At this stage in the Covid-19 pandemic we are all quite familiar with the concept of remote working.
It might be strange, therefore, to remember that prior to the pandemic remote working wasn’t widely used, and was considered to be a white collar, or affluent worker activity. Remote working has multiple advantages such as flexible working hours, less commuting, and a potentially better work-life balance.
There are also challenges such as collaborating across time zones, communicating effectively and technological difficulties (most of us have had the experience of remaining on mute when trying to speak, or being cut-off altogether due to slow internet speeds). Academia adapted to the pandemic restrictions via an online pivot, with work, teaching and employability strategies, all moving online. In this context, students, as well as staff, had to make the leap to remote working – as online internships became the main model of work experience during summer 2020.
Remote work experience
Online internships can be referred to as remote, digital, virtual or e-internships (we will use online internships for consistency’s sake). These internships are defined as remote working opportunities, digitally mediated, with the student geographically distant from the organisation. The aim of these internships, similarly to traditional on-site internships, is to enhance student employability via work-based learning, allowing the student to gain insight into an organisation and develop their work-readiness.
While there is a great deal of research examining the utility of traditional internships, online internships are an underexplored area. So, last summer we conducted a study designed to evaluate the extent to which online internships are perceived as valid, useful work experience by students, academics, and employers in the UK. We recruited 156 stakeholders to take part in an online survey, to determine the factors that might influence perception of online internships, examine whether online internships are considered equivalent to on-site opportunities, and to evaluate any potential differences in opinion between stakeholders.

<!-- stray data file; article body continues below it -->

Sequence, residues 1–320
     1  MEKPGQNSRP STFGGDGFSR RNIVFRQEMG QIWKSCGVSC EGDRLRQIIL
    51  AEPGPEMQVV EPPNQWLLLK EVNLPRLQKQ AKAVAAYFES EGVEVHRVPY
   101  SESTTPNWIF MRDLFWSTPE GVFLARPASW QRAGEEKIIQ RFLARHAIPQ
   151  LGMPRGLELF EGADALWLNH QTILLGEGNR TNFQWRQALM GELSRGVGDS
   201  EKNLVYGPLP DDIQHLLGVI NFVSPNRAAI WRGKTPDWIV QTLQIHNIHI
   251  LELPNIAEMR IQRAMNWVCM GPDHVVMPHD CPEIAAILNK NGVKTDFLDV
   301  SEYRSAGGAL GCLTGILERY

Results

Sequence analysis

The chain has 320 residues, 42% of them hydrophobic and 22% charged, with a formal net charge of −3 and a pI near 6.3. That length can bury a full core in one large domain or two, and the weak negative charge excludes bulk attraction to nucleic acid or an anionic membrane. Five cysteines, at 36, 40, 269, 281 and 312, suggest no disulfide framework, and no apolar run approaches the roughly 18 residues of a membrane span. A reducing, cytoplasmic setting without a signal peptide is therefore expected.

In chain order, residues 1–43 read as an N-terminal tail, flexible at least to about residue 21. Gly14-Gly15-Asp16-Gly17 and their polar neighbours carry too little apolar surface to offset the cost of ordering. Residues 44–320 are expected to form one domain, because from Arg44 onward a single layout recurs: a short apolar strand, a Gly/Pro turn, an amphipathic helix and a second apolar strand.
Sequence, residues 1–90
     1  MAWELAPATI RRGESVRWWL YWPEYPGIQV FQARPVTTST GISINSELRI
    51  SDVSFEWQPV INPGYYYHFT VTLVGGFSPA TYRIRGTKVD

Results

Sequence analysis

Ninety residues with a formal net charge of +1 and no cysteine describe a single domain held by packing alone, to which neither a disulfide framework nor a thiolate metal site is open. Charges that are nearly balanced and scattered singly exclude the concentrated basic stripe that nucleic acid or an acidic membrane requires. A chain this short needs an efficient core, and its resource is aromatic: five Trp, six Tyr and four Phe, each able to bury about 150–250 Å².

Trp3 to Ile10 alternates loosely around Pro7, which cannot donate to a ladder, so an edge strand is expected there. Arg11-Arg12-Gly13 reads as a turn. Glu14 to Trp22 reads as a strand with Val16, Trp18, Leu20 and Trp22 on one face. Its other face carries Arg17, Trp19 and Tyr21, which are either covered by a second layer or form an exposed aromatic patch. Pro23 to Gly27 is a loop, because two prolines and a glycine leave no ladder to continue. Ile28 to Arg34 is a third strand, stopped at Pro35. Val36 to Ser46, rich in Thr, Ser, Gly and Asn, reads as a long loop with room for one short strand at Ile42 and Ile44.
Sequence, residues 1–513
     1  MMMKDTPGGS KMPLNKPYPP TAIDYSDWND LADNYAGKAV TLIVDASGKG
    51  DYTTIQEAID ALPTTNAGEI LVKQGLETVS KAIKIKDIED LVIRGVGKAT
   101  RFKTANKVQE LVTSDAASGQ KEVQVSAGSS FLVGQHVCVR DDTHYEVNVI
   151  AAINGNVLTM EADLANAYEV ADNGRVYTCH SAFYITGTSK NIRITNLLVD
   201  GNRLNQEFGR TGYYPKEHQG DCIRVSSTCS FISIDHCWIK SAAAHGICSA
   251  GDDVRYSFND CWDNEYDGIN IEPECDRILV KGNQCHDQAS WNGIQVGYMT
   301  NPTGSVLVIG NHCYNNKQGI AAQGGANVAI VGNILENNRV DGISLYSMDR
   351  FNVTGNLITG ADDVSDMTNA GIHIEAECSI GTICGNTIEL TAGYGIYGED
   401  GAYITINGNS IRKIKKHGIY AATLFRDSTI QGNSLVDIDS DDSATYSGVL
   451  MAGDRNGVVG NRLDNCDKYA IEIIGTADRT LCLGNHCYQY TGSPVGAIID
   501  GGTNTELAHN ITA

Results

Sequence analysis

Free labour or free learning?
Participants were asked to view a series of fictional internship adverts, which were manipulated according to stated location (online or on-site), commitment level (full- or part-time) and payment (paid versus unpaid). Overall onsite, paid, full-time internships were preferred by all stakeholders (with no significant group differences in ratings). However, if an internship was unpaid participants were more likely to recommend part-time, as opposed to full-time internships. This could be linked to the perception that a full-time internship is essentially a job and should be compensated accordingly, in the same way that an employee receives pay. Certainly, participants in our study raised concerns about internships (online and on-site) being used as a method for gaining cheap labour:
I believe that this [unpaid online internship] is a euphemism for cheap/free unregulated labour. Employers should be banned from offering such a thing in a virtual environment. (Academic)
Stakeholders seemed to view online internships as valid work experience, but not quite equivalent to on-site internships, particularly in terms of communication and socialisation.
Participants within our study highlighted that the world of work is becoming increasingly digital, and as such online internships were ideally placed to enable students to develop independent working and online collaborative skills:
The world is increasingly online and the skills they can develop through online collaboration are just as valuable as those they would develop in-person. (Academic)
Remote working was generally considered to be more flexible than working on-site, with online internships being more inclusive and reaching a more diverse student body, including those with carer or family responsibilities:
Potential advantages [of online internships] include students who are unable to leave their home town/University location to travel being able to undertake internships – this can include students with caring responsibilities and those who also have part-time jobs to help fund their studies. (Academic)
Online internships appeared to offer students the opportunity to take ownership of a task, organise their own schedule, and as a consequence enhance their resilience and independence:
The opportunity to learn with a work focus and independence. (Student)
The work without the experience
However, stakeholders had concerns about the extent to which students would learn about a real-life working environment, with the suggestion that online internships are less immersive, and allow for less socialisation, than on-site internships:
While it is possible to learn the job remotely and to get the technical skills associated with it – most of us in our organisation had to learn on the go over the past few months – it doesn’t allow for experiencing the company culture as it normally would be. (Employer)
Communication was one aspect highlighted as potentially difficult, particularly in terms of asking questions and getting support. There were also comments made about the importance of observational learning – being in an office and watching others interact, for technical and social skill development.
The future of internships?
The Covid-19 pandemic has had an enormous impact on the UK economy, workplace practices, and education. When we fully emerge from lockdown, what will the internships landscape look like?
We have taken a glimpse into this alternative, online internship model from different stakeholder perspectives. As students continue to navigate this new, internship mode, it is more important than ever that universities continue to research and evaluate the evolving nature of work and learning; to support the critical transition from student to employee.